Local leaders say Amarillo's national ranking no surprise - KWES NewsWest 9 / Midland, Odessa, Big Spring, TX: newswest9.com |

Local leaders say Amarillo's national ranking no surprise

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AMARILLO - For the first time ever, Amarillo made the Milkin Institute's list of Best-Performing Small Cities.
 
"People are employed and people are spending money," said Amarillo Chamber of Commerce President and CEO Gary Molberg.
 
Milkin has ranked U.S. Metropolitan areas by how well they sustain jobs and grow their economy since 2003.The Texas cities of Odessa, Longview, Midland, Tyler and San Angelo also made the top 20.

Amarillo ranked 17th out of 179 other economies of similar size and population. The unemployment rate here is lower than the rest of the state and country at 4.2 percent. The cost of living is low, and retail sales are up.

"It's important for the citizens of Amarillo to spend their money local, not go online and purchase online, but rather spend with their friends and neighbors here in our city," Molberg said. "Because that comes back and helps pay sales tax dollars which pays for the infrastructure of our city."

Amarillo's diversified industry, and big employers such as Bell Helicopter and Pantex, are factors that contribute to the steady employment levels.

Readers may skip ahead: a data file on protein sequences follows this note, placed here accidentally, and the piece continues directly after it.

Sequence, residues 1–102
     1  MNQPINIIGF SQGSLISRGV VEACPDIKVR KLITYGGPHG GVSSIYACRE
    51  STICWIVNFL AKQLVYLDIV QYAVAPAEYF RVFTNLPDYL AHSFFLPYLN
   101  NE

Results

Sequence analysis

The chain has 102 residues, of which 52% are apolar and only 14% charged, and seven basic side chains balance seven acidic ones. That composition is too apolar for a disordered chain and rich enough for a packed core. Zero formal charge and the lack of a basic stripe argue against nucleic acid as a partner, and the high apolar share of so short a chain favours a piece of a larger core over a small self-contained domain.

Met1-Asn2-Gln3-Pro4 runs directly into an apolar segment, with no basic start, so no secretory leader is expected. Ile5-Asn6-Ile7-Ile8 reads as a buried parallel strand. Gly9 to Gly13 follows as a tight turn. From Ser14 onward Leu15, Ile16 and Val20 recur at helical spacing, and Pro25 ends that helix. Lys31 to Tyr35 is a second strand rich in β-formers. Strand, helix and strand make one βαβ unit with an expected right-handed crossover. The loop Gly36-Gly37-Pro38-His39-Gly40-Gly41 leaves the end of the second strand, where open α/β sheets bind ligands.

Molberg says the medical facilities in Amarillo are also a big factor, bringing in people from 26 surrounding counties.

"They come to Amarillo and they stay. They stay in our hotels and eat in our restaurants, and shop in our stores," Molberg said.

With that national recognition and economic upturn, Amarillo Mayor Paul Harpole says the city can expect accelerated growth.

"There's so much growth in the city we have to get ahead of that," Harpole said. "It's an important challenge for the citizens and the city to do that. Lots of things that have to be supplied to build those houses and supply the jobs to budding industry."

Harpole says the population will likely grow by 35,000 people in this decade, and his prediction doesn't include the surrounding towns that help feed Amarillo's booming economy.

"This part of the country going to grow obviously and I think Amarillo is going to lead that in many ways," Harpole said.
   
That growth will translate to more sales and property taxes, something local leaders say makes for a healthy, thriving economy.